Conditions for the Pursuit of Knowledge

In Book One of his Metaphysics Aristotle gives a brief history lesson on the evolution of knowledge.

“Hence when all such inventions were already established, the sciences which do not aim at giving pleasure or at the necessities of life were discovered, and first in the places where men first began to have leisure. This is why the mathematical arts were founded in Egypt; for there the priestly caste was allowed to be at leisure.” (Metaphysics, Book I, p. 1553).

Here he describes a departure from the condition of the “practical,” a condition which he uses to qualify the rest of his intellectual virtues. Even to art Aristotle prescribes a practical pursuit: to bring “into being” or to give pleasure (Nicomachean Ethics p. 1800). In this short passage Aristotle mentions a sort of pointless knowledge, with no utility beyond that of knowing for the sake of knowing, and certain conditions for pursuing this sort of knowledge—leisure. What he describes makes perfect sense; as human societies advance the goals of human society advance. Once human life was longer solely preoccupied with survival, with necessity, we were able to look up from the dirt, wonder why the sky is blue and then actually pursue that knowledge. This seems to imply that knowledge, what we even classify as knowledge, is determined by the flux of human goals and whims of the moment.

Although today we classify Set Theory as knowledge, there was surely a time in the past that such unnecessary information would not have been considered knowledge. Which seems crazy to me. Maybe in the future there will be a time where people pursue seriously, dedicate their whole lives to chasing, knowledge which we can’t even imagine or, even if we could, would consider useless. What we credit and think about has so much to do with leisure. Today all we seem to hear and believe is that “knowledge is priceless” and that “knowledge is the one thing which can never be taken away from you”. Yet it seems from this passage that knowledge, like anything else, carries a worth which fluctuates with the flow and supply of resources.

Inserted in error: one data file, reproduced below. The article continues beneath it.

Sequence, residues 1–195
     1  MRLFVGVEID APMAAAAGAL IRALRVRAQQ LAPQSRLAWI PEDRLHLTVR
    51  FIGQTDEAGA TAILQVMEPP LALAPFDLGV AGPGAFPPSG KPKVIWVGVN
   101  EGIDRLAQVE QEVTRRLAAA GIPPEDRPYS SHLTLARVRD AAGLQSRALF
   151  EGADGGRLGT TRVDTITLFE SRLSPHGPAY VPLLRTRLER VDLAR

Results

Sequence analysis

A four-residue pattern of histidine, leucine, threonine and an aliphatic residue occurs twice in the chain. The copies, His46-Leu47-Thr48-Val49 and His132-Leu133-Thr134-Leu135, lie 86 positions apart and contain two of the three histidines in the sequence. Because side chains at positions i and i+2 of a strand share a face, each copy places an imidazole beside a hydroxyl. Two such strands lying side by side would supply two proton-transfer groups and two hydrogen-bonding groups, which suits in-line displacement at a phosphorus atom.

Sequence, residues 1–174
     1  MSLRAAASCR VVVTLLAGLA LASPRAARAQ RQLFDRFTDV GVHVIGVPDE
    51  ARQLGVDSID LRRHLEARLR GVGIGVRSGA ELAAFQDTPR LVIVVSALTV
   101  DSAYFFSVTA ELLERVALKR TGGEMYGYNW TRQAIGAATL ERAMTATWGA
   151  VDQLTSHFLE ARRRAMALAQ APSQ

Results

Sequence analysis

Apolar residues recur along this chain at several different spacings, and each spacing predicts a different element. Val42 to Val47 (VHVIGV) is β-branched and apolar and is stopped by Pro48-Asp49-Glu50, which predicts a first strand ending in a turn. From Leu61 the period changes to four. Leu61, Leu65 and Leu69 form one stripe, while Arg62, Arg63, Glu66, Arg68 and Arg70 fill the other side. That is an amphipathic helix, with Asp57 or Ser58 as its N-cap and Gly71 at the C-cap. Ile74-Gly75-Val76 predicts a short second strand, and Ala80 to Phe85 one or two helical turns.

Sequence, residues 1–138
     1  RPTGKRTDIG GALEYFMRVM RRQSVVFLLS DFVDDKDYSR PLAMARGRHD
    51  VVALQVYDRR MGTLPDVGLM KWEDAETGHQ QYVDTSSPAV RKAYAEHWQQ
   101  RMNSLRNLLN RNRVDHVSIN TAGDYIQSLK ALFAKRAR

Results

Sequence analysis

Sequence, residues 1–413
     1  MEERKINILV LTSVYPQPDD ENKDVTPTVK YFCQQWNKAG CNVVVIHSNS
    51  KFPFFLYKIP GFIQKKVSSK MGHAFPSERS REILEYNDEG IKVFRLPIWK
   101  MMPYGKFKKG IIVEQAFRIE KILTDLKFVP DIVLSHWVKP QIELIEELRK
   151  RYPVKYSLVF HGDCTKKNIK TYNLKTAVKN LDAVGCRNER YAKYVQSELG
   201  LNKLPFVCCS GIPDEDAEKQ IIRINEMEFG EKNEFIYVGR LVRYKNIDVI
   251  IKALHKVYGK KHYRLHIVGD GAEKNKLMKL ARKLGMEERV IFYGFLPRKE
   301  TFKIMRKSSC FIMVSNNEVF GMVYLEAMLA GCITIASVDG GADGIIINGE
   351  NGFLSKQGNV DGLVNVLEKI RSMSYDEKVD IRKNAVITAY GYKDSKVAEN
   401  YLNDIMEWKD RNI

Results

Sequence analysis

2 responses to “Conditions for the Pursuit of Knowledge

  1. Your explanation of Aristotle’s argument is on point. Apparently, what we consider to be knowledge changes with time. It is interesting to note that most new discoveries are considered to be mere leisurely pursuits at first. However, as the world starts to see how this discovery can be applied to their lives, it starts to regard it as knowledge. Nikola Tesla made numerous groundbreaking inventions such as the Alternating Current, X-rays, and radio. However, Nikola Tesla was never given the respect and praise that he deserves during his lifetime. Only after his inventions were applied to the world did he receive his deserved respect.

  2. I think that knowledge is correctly interpreted in this post. I find it funny that Aristotle says that mathematics was found out of boredom, due to the amount of math that is now required for many college degrees. However, there are many uses of math that are practical, such as finding the shortest distance between two shipping ports or accounting for money. Aristotle is right in his interpretation that even art is practical and serves a purpose. I also agree with the statement that the pursuit of knowledge is based off of what humanity wants to find out at their current time period. Practical uses of knowledge is always desired by people, so it makes sense that knowledge based off on ways to improve everyday life is commonly pursued. The future of knowledge is also interesting because as living conditions change in the future, it will be interesting to see what is considered practical knowledge given the problems of the future.

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